This is part of a major series called Advancing Australia, in which leading academics examine the key issues facing Australia in the lead-up to the 2019 federal election and beyond. Read the other pieces in the series here.
China policy will not be a vote-shifting issue in the 2019 federal election. As usual, the economy and tax in particular will dominate this election.
But from a foreign policy standpoint there is no more important issue than achieving a reasonable balance between the United States, Australia’s security guardian, and China, its linchpin economic partner.
Getting the balance right and thus avoid being wedged between its security and economic interests represents what is arguably the most significant foreign policy challenge in Australian diplomatic history since Federation in 1901.
Mostly a unity ticket – but with some key differences
In 1972, the Whitlam Labor government ditched an anomalous attachment to Taiwan as China’s legitimate representative. Since then, China policy has, for the most part, been bipartisan.
Little separates Labor and the Coalition in a relationship that increasingly has been driven by economic ties. But there are nuanced differences.
Senior Coalition and Labor spokespeople have recently delivered addresses in Singapore that provide a useful insight into their thinking.
In January this year, Defence Minister Christopher Pyne spoke at the Fullerton Forum convened by the International Institute of Strategic Studies. A year ago, Labor’s foreign policy spokesperson, Penny Wong, addressed the Lee Kuan Yew School of Public Policy.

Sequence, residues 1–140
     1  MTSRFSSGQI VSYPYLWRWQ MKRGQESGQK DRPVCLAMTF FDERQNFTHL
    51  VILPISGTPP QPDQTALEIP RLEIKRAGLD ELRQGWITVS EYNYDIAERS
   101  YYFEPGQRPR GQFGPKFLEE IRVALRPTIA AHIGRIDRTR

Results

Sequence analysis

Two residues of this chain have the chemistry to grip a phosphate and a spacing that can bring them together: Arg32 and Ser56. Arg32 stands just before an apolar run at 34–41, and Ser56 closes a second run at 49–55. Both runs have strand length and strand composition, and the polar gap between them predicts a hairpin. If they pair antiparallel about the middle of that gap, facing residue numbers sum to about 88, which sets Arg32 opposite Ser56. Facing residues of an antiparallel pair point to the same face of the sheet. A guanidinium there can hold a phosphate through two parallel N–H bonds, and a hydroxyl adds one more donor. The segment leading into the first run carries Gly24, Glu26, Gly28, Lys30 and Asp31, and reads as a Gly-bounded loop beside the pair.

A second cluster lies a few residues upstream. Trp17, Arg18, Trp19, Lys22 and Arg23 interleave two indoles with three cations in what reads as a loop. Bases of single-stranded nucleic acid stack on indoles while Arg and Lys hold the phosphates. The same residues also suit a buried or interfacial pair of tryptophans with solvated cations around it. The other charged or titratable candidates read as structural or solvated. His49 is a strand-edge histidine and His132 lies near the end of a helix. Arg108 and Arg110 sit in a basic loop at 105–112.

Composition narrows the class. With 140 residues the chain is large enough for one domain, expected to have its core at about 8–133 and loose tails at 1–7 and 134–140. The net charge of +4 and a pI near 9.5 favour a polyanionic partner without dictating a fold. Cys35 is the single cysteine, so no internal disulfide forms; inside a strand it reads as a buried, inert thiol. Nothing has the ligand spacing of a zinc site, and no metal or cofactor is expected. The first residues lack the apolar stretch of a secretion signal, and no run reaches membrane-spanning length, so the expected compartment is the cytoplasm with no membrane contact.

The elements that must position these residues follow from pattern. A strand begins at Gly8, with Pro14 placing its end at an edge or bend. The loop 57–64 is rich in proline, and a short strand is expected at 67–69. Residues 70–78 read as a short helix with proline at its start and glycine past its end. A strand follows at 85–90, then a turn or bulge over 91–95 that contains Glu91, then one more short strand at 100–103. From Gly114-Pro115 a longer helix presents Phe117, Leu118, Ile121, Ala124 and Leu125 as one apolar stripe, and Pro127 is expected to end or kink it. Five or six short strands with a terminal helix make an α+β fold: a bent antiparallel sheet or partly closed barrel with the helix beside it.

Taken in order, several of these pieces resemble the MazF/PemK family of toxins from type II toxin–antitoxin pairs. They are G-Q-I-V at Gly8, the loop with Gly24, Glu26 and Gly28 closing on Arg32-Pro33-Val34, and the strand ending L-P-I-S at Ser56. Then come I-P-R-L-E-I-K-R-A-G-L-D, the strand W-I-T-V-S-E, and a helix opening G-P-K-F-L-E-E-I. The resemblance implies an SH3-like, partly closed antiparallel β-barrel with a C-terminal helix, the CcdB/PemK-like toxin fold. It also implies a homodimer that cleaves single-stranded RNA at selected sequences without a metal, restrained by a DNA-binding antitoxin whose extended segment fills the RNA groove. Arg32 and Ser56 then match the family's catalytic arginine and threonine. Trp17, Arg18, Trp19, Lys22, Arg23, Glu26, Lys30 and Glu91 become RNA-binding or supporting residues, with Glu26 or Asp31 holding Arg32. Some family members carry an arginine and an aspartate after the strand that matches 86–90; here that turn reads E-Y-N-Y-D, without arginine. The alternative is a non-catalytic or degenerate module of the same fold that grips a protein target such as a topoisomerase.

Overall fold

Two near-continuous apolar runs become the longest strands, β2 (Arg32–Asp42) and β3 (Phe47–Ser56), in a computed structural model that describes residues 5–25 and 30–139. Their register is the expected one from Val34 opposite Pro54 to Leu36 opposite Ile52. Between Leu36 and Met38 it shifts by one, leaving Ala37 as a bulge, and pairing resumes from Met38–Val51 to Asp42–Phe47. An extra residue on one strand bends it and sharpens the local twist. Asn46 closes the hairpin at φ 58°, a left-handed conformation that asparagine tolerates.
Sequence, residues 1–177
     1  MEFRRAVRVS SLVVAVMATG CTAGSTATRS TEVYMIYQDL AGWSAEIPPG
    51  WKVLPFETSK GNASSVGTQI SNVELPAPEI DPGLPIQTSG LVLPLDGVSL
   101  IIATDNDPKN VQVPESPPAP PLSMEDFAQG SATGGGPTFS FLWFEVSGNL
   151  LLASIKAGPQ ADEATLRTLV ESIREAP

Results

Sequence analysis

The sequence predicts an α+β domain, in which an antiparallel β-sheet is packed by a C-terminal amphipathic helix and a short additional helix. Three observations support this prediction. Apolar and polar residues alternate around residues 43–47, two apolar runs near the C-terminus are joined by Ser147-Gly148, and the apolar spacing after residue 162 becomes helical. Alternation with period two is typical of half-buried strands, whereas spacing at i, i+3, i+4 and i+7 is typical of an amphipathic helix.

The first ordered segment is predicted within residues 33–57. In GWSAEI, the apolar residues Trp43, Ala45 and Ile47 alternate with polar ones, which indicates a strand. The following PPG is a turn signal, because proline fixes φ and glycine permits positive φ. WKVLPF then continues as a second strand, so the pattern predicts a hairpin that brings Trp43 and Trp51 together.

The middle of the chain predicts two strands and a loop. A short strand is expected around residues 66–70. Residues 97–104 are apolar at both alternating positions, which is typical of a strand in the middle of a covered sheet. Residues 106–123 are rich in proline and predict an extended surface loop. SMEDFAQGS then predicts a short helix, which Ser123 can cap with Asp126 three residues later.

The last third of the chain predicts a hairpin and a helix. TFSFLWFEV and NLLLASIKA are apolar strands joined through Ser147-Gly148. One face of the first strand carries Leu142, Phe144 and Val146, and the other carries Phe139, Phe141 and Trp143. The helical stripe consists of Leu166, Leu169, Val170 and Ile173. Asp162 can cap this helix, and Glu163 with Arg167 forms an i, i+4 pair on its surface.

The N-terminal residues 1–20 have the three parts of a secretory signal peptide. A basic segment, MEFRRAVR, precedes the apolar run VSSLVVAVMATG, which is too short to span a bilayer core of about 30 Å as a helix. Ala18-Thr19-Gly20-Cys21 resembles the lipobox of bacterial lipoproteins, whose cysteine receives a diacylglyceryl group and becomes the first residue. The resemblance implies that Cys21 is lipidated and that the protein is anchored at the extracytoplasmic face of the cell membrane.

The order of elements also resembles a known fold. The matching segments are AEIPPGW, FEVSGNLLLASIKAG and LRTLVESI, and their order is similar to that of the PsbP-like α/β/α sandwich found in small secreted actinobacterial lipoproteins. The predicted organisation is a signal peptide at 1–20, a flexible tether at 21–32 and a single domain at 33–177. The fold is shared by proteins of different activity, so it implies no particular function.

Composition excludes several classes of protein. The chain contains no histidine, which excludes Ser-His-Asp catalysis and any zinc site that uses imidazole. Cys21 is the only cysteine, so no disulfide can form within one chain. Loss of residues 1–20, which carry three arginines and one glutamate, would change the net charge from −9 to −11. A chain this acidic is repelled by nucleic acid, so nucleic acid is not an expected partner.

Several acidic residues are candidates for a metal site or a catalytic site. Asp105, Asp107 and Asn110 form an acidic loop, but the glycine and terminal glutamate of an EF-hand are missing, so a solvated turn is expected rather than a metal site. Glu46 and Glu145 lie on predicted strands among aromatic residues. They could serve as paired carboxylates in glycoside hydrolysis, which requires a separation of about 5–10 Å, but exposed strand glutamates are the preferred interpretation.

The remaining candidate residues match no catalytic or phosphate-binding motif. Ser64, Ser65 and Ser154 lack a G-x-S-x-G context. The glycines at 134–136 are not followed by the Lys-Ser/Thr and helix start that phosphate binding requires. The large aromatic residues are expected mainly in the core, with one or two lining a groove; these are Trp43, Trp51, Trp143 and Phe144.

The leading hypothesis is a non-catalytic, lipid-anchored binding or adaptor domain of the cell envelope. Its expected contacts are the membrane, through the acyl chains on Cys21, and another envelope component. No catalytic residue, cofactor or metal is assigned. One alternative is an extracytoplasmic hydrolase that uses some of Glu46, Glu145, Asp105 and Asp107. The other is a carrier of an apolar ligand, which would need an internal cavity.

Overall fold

Both Pyne and Wong cautioned against allowing tensions between the US and China to divert Australia from pursuing its own interests, even if those interests do not accord with those of its security guarantor. Pyne said:
Unquestionably, rivalry between the US and China will be a feature of our international outlook in the foreseeable future. However, it is critical that US-China relations do not come to be defined in wholly adversarial terms.
In Wong’s case, she says simply that it remains “in the interests of all South East Asian nations that the US remains strategically engaged in the region”.
Where the two sides differ by degree lies in Wong’s assessment of risks to a “rules-based” international order posed by competition between an established and rising power.
She is gloomier than Pyne about the international outlook. She told her Singapore audience:
Whether or not you agree with President Trump’s view that the international rules-based system is not working, there is no disputing the international rules-based order is under its greatest period of stress since the end of the second world war.
Pyne was more sanguine. He said:
Cold War commentary fails to see a fundamental but defining difference, namely the world’s economies are far more closely integrated and mutually dependent than they were when the West contested the Soviet bloc.
How would a Labor government change the relationship?
Where this is leading is that a Labor government would probably make a more conspicuous effort to bolster regional partnerships with the ASEAN bloc and India as a hedge against tensions between the US and China.
Labor might also seek to give itself more flexibility in positioning Australia between its strategic ally, the US, and its dominant economic partner, China. This fine-tuning would need to be carried out subtly to avoid upsetting cornerstone security arrangements that have served the country well.
Wong uses the phrase “constructive internationalism” – borrowed from Labor’s former foreign minister, Gareth Evans, who coined it a quarter century ago – to define Australia’s national interests.
In the Evans formula, the phrase describes a policy that is motivated by values in pursuit of interests. “If interests describe the reasons for action, values describe the motives for action,” Wong told her Singapore audience.